In a post entitled ‘Rebuilding Hollywood in Silicon Valley’s Image,” Netscape founder Marc Andreessen wonders whether the current WGA strike will alienate the current television viewing audience and hasten their flight towards new forms of mostly internet-distributed entertainment. (Thanks to Ted Hope for the link.)
From the piece:
I think the TV and movie industry is at a turning point where things could go either way — they could repeat the critical error of the music industry and permanently alienate their customer base; or they could get it together and create viable models for the future that make consumers happy and make money….
We all know the list: the Internet, social networking, user-generated content, blogging, video games, mobile phones, you name it. All the activities that consumers have discovered and adopted since the last writers’ strike in 1988, that they just love, and that have already been siphoning away time, attention, and money from TV and movies even without a strike.
Obviously, the less scripted television and film content that’s being produced, the more alienated consumers will shift over to all the new activities — and the less likely they will ever go back.
All of this, however, is a preamble to Andreessen’s larger point: that we may be near a reorganization of the entertainment industry in which programming is funded by Silicon Valley-style venture capital firms and distributed via the internet. Content creators will own their own companies and will not rely on the studios to distribute their wares.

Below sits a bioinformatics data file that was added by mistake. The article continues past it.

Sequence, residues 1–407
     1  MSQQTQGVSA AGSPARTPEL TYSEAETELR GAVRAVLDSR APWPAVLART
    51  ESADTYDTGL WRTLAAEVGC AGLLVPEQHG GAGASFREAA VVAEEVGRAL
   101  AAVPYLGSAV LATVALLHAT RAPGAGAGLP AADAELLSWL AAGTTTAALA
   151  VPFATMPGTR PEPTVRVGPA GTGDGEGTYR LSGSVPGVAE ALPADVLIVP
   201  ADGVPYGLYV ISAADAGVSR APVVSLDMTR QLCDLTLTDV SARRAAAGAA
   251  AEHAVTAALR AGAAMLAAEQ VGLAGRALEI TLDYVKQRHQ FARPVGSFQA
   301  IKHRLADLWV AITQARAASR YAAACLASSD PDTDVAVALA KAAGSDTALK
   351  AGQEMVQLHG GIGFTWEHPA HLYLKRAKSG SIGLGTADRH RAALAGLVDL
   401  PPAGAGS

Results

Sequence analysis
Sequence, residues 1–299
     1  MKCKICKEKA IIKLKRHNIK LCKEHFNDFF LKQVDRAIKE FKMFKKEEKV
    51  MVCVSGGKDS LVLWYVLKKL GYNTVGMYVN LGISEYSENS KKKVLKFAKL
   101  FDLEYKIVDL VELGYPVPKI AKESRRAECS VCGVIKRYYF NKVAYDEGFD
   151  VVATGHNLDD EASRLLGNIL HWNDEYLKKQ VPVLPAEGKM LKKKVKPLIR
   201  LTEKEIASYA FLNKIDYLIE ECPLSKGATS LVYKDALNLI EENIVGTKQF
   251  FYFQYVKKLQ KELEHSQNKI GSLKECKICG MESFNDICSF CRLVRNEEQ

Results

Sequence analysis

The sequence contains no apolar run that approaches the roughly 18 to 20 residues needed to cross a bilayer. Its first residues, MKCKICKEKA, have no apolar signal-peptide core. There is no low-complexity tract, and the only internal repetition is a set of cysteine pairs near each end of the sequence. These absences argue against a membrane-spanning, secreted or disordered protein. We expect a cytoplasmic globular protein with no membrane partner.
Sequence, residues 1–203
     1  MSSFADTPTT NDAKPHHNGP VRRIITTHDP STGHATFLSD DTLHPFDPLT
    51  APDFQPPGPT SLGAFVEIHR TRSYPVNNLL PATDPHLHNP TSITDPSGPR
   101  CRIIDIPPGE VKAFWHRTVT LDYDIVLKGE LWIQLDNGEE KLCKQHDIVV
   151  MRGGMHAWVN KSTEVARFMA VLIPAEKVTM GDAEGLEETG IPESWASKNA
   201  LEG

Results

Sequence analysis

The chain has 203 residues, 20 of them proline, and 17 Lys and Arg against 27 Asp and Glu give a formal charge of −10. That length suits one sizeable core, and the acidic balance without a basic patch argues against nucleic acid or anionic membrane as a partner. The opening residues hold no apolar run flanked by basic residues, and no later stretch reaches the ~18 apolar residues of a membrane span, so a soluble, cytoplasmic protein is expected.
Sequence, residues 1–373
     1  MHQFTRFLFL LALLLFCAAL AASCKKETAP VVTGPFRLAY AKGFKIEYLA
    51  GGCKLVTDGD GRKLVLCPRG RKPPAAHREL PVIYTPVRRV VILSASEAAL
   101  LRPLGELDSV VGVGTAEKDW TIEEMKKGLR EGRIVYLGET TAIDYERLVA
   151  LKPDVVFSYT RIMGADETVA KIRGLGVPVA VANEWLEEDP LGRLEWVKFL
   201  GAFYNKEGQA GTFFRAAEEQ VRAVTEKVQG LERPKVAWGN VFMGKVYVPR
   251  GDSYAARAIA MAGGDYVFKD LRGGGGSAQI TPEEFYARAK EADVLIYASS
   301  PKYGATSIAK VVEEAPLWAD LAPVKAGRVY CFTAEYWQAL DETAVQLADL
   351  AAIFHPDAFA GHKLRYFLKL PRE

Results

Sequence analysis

Here is his anthemic conclusion:
As consumers — even alienated consumers — it would be sad to see the TV shows and movies we love not get made during a protracted strike. And certainly many people throughout the extended ecosystem of the entertainment industry — most of them not rich and not famous — will suffer financially.
However, in the event of a long-term strike, out of the ashes of the traditional model would — I believe — come the birth of certainly dozens, maybe hundreds, and possibly even thousands of new media companies, rising phoenix-like into the global entertainment market, financed by venture capital, creating amazing new properties, employing large numbers of people, and rewarding their creators as owners.
As an entertainment consumer, I’m ready for it, and I suspect you are too.
Hollywood, rebuilt in Silicon Valley’s image.
The blog posting is worth a read, although I’d say that there are large swatches of it that I don’t agree with. I think Andreessen overestimates the entrepreneurial business ambitions of most content creators; aggregates too many of them into what he imagines will be a creative owner class; and underestimates the costs and difficulty of duplicating some of the impossible-to-value and necessary things that Hollywood does well.
But, to riff on Andreessen’s posting, I’d agree that a propitious moment for the more dedicated creation of internet content could be arriving and that this would be an ironic outcome of the WGA strike. However, while the business environment may be tilting towards VC-funded entertainment, it’s not clear that artists have figured out how the aesthetic design and narrative structure of internet-based entertainment should both resemble and differ from those of television and the movies. So many of the internet success stories so far have been one-offs and viral videos which amass hundreds of thousands of hits in a short amount of time and then become just more disposable entertainment. I suppose that’s fine if you’re trying to sell soft drinks, but with very few exceptions the considerable promise of the internet as a distribution medium hasn’t excited an equivalent re-envisioning of it as a creative storytelling platform capable of entwining audiences into the possibilities of ongoing narrative.
Obviously, to be continued…